Leaving the alcoholic with a drinking problem


To leave or not to leave the alcoholic, that is the question. I have been in this situation several times, even in sobriety. It can be one of the most difficult decisions to make, because while staying in the misery seems impossible, leaving feels just as unlikely. I know I experienced extreme guilt just considering leaving. I felt like I had a responsibility for that person; I thought that by leaving that made me a bad daughter/friend/girlfriend. That is not the case! (But that is a totally different blog post; let’s get back to the point of this one.)

In the beginning stages of alcoholism, there are some annoying symptoms, but nothing that might make you actually want to leave the relationship. But addiction is a progressive disease, and it can only get worse, never better. Below I have listed symptoms of alcoholism. Some are beginning stage, and some are middle and end stage. Try to be open-minded: the alcoholic/addict in your life may experience only some of these symptoms, but that doesn’t mean they don’t have a problem.Leaving the alcoholic with a drinking problem

  • Occasional binge drinking and abuse
  • Drinking to alleviate stress, boredom, sadness or anger
  • Frequent to daily binge drinking and abuse
  • Increased depression and anxiety
  • Difficulty sleeping; insomnia
  • Obvious sickness and health concerns from drinking, but won’t stop
  • Drinking and driving
  • Trouble with the law and police
  • Increased relationship strain and issues
  • Infidelity, lying
  • Decreased social activity because of insane behavior
  • Sudden change in friends
  • Difficult talking with new people
  • Drink large quantities but can’t get drunk
  • Withdrawals after a period of not drinking: nausea, tremors, sweating, unreasonable irritability
  • Liver damage, brain damage, heart disease, malnutrition, mental health disorders (just to name a few)

Sound familiar? I know it does to me, and it’s actually making me a bit sad just reading over the list. It reminds me of myself as well as other people I know.

In fact, just recently I was able to finally cut all contact from my abusive ex-boyfriend. It has taken me a year to actually stop getting in touch with him and continuing the pain and dysfunction. It was one of the saddest, hardest things I’ve ever had to do, even though I have a new life in another state and a boyfriend that treats me with respect and love.

It took me so long because, firstly, I thought that he needed my help, and that it was my duty to take care of him. I reasoned that I loved him, and to say goodbye to him and our relationship would mean that I was a cold-hearted person. This is one of the many symptoms of the disease of codependency.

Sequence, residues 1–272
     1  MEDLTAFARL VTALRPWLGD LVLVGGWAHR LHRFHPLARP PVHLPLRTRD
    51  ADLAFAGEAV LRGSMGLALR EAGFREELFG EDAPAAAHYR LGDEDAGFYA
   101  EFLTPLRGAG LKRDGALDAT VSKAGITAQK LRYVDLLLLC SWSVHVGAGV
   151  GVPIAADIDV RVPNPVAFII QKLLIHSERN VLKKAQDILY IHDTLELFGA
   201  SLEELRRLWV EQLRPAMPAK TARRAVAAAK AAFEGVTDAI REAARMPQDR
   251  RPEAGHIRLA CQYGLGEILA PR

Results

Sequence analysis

Every single person on this planet has their Higher Power looking out for them – to think that another adult NEEDS us is just plain arrogant. It perpetuates a lack of faith in God and the goodness of the universe. The TRUTH is that our first and foremost duty is to take care of ourselves, because if we can’t help ourselves we can’t help anyone else either.

Sometimes I am still sad when I think about the relationships I have had to let go of because they were bringing both of us down instead of lifting us up. Sometimes I wonder if I had tried harder or done that differently, things would be better.

But the fact of the matter is, we can only do the best we can with the knowledge that we have in the moment. And our first priority is to stay in closecontact with our Soul, our Higher Power, with God, whatever you want to call it. We have to stay close and intimate with who we truly are, and the sad reality is, sometimes we can’t do that if we’re involved in a dysfunctional, unhealthy relationship.

So if you’re still deciding whether to stay or go, take slow, deep breaths, close your eyes and go inside. Ask for help from the God of your Heart and listen closely for an answer. Call a trusted friend and try out an Al-Anon meeting or a Codependents Anonymous meeting. Those two 12 Step groups have changed my life and relationships.

Remember that you are not alone, and everything is going to be okay, for you and for the alcoholic.

If you or a loved one needs help with abuse and/or treatment, please call the White Sands Treatment Center at (877) 556-9584. Our addiction specialists can assess your recovery needs and help you get the addiction treatment that provides the best chance for your long-term recovery.

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